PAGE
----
It’s possible. Caffeine consumption has been linked to a woman’s capacity to conceive in certain studies, but not in others. The majority of specialists agree that there isn’t enough information to draw any firm conclusions about caffeine and fertility.

Although no definite link has been established between moderate caffeine consumption and fertility issues, it is generally accepted that consuming 200 to 300 milligrammes (mg) of caffeine daily while attempting to conceive is safe. For a weak brew, that’s up to two 8-ounce cups of coffee. If you get more than that, you should probably cut back.

Which foods and beverages contain caffeine?

Of course, there’s coffee. The quantity of caffeine in a cup of coffee depends on the type of bean, how it’s roasted, and how it’s brewed – and, of course, the size of the coffee cup. (Espresso, for example, has more caffeine per ounce but is delivered in a little cup.) As a result, a full cup of brewed coffee has more caffeine.)

You’ll need to be mindful of additional sources of caffeine, such as tea, soft drinks, energy drinks, chocolate, and coffee ice cream, to regulate your caffeine intake. Caffeine can also be found in herbal items and over-the-counter medications, such as headache, cold, and allergy medications. Pay attention to the labels.

Amount of caffeine in common foods and beverages

coffee, generic brewed8 oz95-200 mg
coffee, Starbucks brewed16 oz330 mg
coffee, Dunkin’ Donuts brewed16 oz211 mg
caffé latte, misto, or cappuccino, Starbucks16 oz150 mg
caffé latte, misto, or cappuccino, Starbucks12 oz75 mg
espresso, Starbucks1 oz (1 shot )75 mg
espresso, generic1 oz (1 shot)64 mg
coffee, generic instant1 tsp granules31 mg
coffee, generic decaffeinated8 oz2 mg
black tea, brewed8 oz47 mg
green tea, brewed8 oz25 mg
black tea, decaffeinated8 oz2 mg
Starbucks Tazo Chai Tea latte16 oz95 mg
instant tea, unsweetened1 tsp powder26 mg
Snapple16 oz42 mg
Lipton Brisk iced tea12 oz5 mg
Soft DrinksAmountCaffeine
Coke12 oz35 mg
Diet Coke12 oz47 mg
Pepsi12 oz38 mg
Diet Pepsi12 oz36 mg
Jolt Cola12 oz72 mg
Mountain Dew12 oz54 mg
7-Up12 oz0 mg
Sierra Mist12 oz0 mg
Sprite12 oz0 mg
Energy DrinksAmountCaffeine
Red Bull8.3 oz77 mg
SoBe Essential Energy, berry or orange8 oz48 mg
5-Hour Energy2 oz138 mg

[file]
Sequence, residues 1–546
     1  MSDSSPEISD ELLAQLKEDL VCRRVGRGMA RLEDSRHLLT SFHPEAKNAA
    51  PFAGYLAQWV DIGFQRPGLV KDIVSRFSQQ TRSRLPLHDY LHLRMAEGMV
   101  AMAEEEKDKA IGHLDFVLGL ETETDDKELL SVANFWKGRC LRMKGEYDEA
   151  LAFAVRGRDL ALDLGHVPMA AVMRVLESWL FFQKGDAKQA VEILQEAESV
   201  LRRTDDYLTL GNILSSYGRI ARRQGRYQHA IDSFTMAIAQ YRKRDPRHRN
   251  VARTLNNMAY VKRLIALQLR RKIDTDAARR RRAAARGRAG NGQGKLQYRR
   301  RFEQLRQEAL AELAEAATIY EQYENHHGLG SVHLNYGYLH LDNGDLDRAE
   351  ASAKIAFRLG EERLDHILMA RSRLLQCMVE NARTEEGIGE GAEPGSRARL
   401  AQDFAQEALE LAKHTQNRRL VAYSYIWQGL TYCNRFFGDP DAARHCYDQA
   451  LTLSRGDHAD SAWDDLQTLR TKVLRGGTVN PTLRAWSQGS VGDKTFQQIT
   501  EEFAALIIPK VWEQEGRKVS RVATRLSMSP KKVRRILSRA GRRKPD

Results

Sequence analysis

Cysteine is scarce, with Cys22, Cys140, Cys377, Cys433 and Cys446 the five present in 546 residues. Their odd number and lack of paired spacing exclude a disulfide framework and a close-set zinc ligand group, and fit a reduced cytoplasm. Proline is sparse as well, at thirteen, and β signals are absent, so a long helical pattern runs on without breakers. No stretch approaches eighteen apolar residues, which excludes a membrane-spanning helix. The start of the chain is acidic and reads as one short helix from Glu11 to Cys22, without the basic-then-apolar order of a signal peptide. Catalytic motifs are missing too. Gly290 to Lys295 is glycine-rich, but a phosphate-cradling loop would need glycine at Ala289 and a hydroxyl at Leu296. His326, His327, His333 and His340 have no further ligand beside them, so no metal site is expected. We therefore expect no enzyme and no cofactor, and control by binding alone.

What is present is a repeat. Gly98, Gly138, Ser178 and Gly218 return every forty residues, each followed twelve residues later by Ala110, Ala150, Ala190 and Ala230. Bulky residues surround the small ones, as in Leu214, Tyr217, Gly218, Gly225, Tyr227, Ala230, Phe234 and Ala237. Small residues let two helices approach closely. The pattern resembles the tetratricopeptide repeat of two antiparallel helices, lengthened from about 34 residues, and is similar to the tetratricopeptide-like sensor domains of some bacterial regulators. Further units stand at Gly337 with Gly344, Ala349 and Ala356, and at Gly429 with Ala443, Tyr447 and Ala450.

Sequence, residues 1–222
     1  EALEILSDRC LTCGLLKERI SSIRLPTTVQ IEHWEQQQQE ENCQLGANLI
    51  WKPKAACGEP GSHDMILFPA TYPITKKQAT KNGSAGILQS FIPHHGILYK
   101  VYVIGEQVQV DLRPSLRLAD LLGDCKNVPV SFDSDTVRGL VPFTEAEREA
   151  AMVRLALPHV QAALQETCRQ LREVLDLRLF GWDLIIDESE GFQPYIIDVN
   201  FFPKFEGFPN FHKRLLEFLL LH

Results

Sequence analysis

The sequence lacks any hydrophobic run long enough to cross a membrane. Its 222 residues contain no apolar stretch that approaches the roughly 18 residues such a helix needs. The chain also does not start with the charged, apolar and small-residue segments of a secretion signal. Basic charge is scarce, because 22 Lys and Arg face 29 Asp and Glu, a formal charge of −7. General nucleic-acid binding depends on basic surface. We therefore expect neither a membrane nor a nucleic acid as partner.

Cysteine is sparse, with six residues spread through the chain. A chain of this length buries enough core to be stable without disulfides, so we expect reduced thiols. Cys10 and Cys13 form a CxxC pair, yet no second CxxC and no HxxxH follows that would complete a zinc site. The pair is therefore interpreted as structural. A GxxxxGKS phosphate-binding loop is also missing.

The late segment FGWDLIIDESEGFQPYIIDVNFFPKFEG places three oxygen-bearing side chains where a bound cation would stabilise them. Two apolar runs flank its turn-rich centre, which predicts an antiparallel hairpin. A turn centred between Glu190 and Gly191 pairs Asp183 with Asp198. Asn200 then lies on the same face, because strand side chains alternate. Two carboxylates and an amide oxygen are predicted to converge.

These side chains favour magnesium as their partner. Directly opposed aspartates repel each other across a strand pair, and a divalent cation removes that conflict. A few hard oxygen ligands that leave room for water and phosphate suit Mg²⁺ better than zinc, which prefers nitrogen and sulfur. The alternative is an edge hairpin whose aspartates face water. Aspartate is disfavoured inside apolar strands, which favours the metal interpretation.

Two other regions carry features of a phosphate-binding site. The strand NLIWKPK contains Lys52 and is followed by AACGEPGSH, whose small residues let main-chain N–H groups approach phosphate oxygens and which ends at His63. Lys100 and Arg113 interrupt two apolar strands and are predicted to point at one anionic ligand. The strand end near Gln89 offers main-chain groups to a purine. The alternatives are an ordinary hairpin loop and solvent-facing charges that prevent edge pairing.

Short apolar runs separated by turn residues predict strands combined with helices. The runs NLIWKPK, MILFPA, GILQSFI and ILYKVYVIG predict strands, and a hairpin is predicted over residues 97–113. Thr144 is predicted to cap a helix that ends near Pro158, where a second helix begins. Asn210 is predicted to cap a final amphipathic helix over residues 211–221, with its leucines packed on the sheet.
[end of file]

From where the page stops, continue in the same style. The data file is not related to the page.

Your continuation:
How can I cut back on caffeine?

If you want to cut back on coffee, do so gradually to avoid withdrawal symptoms like lethargy and headaches.

Switching to a drink that’s half regular brew and half decaf is a good place to start. Alternatively, lessen the caffeine content of homemade hot beverages by diluting them or brewing them for a shorter period of time. If you enjoy a cup of English Breakfast tea to start your day, steeping your tea bag for one minute instead of five cuts the caffeine content by up to half.

After you’ve gotten used to living without caffeine, you might discover that warmed milk with a shot of flavoured syrup makes a good coffee alternative – plus the calcium will help you stay healthy.


  1. Can caffeine cause infertility in males?

    Caffeine has an effect on both men and women.
    While a few cups of coffee, tea, or cola per day aren’t known to affect the father’s fertility, caffeine in large doses, such as those found in 4-6 cups of coffee per day (400 mg) or more, has been shown to reduce sperm counts.

  2. Is coffee good for male infertility?

    Conclusions: Evidence suggests that caffeine consumption may have a negative impact on male reproductive function, possibly due to sperm DNA damage. Epidemiological evidence on sperm parameters and fertility, on the other hand, is inconsistent and inconclusive.

  3. Should men reduce caffeine when trying to conceive?

    Caffeine intake during pregnancy has been linked to miscarriage and low birth weight in babies. Men who consume too much caffeine while trying to conceive may increase their chances of miscarriage, according to some medical evidence. This appears to be true for both men and women, according to the evidence.

  4. Is coffee good for sperm count?

    Excessive coffee consumption
    Caitlin Dunne, a fertility doctor at the Pacific Centre for Reproductive Medicine in Vancouver, says that moderate caffeine consumption has no negative impact on sperm count or quality. A reasonable dose is 300 milligrammes, or about two cups of coffee.